Since rabbits can deliver more than just treats for kids this time of year in addition to making lots of rabbits for a children’s book I’ve also made a collection of my rabbits available on my Zazzle shop. These are intended as fun gifts for grownups; greeting cards, jigsaw puzzles and coffee mugs. (The photos below are a small sample of what’s available on my shop.)

A note card: https://www.zazzle.com/my_heart_is_with_you_note_card-256344942961836795
Jigsaw puzzle: https://www.zazzle.com/rabbit_sax_jigsaw_puzzle-116637967822588564
Mug: https://www.zazzle.com/hares_to_hot_beverages_and_comforts_mug-168629126897898357

Since we’re nearing Easter naturally my thoughts turn from rabbits to eggs. This week I tried, in the name of I’m-to-busy-to-cook, a sheet pan breakfast with eggs, bacon, green bell peppers and sweet potato chunks. It worked reasonably well … one set of eggs got a little more firm than I like but everything – including the eggs – were quite enjoyably edible. And enjoyably edible counts!

This week I rearranged the most important bookshelf in my house: the one in the bathroom. It seems that the average person spends 1 hour and 42 minutes per week in the bathroom. Or to put it another way during an average lifetime we will spend at least 92 full days in the john. Might as well use that time for some encouraging reading. Here below is a photo of my bathroom bookshelf. The purple ceramic thing serves as a bookend as well as holding the extra roll of TP.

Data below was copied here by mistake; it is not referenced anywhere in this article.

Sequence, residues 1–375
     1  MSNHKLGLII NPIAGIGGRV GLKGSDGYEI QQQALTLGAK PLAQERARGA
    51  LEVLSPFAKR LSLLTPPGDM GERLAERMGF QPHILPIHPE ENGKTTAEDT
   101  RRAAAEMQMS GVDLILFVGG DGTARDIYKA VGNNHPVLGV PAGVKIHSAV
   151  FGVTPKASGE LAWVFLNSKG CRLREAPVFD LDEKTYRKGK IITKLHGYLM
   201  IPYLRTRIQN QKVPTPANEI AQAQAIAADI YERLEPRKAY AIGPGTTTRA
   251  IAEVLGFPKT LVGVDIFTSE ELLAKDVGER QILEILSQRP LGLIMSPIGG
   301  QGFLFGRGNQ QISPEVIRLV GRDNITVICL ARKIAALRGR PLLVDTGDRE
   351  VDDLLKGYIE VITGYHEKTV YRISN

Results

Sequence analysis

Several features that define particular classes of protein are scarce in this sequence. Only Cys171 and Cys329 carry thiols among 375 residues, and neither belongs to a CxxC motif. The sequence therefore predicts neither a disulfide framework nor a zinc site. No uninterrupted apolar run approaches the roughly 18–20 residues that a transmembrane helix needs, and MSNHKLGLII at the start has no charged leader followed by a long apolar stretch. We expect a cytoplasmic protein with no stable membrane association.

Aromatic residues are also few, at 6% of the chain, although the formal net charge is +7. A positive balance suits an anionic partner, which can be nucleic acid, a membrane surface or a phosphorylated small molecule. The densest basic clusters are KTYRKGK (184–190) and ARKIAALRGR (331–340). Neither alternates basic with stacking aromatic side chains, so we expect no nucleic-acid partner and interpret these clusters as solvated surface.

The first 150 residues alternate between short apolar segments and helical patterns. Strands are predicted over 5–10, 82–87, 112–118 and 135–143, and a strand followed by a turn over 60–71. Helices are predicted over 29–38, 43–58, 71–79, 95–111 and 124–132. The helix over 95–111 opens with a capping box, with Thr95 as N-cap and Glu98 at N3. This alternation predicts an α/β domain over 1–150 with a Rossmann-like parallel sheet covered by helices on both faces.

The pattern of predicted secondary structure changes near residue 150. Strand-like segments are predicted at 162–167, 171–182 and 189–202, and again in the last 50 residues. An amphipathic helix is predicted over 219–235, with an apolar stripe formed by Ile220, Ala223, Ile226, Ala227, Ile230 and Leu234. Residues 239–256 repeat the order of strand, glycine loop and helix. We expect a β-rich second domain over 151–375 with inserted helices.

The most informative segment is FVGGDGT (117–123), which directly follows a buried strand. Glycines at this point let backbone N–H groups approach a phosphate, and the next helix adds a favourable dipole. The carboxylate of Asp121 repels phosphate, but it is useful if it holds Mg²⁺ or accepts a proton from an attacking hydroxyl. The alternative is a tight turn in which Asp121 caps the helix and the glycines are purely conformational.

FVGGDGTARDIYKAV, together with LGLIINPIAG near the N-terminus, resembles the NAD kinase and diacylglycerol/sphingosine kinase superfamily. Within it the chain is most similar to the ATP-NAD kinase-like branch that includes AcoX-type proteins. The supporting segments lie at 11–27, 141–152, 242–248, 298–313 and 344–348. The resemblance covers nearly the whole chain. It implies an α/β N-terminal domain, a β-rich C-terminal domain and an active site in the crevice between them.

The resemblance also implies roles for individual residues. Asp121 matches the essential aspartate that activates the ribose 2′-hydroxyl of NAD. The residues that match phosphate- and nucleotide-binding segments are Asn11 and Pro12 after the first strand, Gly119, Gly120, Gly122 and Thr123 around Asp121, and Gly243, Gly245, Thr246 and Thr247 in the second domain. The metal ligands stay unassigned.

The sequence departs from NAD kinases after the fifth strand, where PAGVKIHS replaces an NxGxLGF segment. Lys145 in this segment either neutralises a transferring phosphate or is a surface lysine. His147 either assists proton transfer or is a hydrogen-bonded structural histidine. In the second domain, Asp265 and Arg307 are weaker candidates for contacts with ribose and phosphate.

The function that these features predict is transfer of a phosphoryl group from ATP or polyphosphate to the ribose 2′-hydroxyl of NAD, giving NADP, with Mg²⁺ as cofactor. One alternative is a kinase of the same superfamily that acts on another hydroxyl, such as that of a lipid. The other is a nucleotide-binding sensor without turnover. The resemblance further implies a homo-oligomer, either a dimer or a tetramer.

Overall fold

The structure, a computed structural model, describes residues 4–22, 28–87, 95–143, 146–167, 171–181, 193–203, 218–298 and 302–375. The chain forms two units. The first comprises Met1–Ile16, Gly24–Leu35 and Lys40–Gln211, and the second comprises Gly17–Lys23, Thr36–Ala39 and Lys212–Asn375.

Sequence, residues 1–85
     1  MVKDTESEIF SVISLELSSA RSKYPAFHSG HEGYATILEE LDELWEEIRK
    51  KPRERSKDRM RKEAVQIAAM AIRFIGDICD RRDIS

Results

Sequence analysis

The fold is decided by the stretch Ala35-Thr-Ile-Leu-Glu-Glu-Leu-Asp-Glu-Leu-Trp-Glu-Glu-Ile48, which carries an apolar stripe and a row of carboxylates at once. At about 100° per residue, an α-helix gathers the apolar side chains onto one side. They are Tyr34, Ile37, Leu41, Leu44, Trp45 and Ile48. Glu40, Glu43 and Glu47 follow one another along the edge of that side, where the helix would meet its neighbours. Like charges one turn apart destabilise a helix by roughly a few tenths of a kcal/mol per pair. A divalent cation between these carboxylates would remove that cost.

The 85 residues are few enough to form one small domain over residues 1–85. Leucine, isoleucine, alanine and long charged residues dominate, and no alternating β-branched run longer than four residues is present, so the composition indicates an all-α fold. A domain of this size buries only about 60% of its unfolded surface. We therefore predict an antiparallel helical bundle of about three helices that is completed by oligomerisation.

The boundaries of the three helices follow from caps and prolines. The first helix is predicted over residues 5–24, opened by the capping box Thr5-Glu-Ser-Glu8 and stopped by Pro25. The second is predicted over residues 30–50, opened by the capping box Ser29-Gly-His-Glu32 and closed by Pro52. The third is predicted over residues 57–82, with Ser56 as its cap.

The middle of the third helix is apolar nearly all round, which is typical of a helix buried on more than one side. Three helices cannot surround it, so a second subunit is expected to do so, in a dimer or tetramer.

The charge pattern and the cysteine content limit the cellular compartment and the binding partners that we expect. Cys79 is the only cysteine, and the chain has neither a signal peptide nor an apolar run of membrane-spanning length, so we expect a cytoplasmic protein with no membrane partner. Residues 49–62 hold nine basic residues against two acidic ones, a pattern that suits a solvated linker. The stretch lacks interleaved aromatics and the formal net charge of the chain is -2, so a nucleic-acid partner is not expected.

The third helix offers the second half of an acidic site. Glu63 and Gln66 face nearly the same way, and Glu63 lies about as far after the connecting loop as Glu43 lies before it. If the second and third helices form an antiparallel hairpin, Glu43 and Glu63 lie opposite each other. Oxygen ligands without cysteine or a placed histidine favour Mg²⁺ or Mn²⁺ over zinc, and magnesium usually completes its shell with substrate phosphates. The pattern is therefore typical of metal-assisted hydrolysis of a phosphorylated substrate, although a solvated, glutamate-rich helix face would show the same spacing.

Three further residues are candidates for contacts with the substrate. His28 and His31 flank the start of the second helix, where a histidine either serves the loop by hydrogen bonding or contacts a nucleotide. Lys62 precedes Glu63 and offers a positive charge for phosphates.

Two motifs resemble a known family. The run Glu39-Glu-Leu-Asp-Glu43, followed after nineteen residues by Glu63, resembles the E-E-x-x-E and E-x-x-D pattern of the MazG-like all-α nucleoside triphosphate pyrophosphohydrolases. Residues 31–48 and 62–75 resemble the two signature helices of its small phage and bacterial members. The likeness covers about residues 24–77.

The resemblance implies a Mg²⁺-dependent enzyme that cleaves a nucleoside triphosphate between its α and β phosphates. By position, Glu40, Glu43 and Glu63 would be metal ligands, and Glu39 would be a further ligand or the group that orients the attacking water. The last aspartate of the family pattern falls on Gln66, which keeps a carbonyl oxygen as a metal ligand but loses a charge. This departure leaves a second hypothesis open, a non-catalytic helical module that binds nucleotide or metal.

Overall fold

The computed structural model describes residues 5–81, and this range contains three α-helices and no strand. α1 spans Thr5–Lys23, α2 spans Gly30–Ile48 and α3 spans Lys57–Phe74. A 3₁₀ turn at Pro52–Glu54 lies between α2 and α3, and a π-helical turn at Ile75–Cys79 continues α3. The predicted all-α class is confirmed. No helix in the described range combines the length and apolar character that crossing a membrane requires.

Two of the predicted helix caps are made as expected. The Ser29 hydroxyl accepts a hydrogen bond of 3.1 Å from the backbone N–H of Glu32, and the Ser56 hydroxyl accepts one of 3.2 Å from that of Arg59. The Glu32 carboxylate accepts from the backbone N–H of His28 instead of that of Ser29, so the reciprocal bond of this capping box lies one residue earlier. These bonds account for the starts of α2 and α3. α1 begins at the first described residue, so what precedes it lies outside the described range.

For the same reason I have inspiring books in my bathroom – notice all the books by Austin Kleon! – I also like having good artwork there too. Keeping good books and art where they’re viewed often is a way to keep my own creativity sustainable. The framed art you see in this photo is by another Pacific Northwest artist named Jill Mayberg https://jillmayberg.com/ I like the colors and textures in Jill’s work.

We’re here, so we might as well get comfortable. Reading books about writing and creativity are where we learn about, and practice, being human. I’ve written elsewhere in this blog (see links here and here) about the similarities I see between the creative acts of writing and making fine art. Verbal storytelling, writing, drawing and reading are such quintessentially human activities. Are we completely human if we don’t do those things?

These thoughts are why I find it such fun to depict animals reading books and doing other typically human behaviors – it’s my way of pondering what in means to be fully human.

Btw: there are more animals besides rabbits running around in my brain now. The new critters are getting comfortable too. As I wrote in my last post I’ve been thinking about human development and about dealing with feelings. I’ve also been thinking about Jane Austen and her descriptions of emotions within her novels.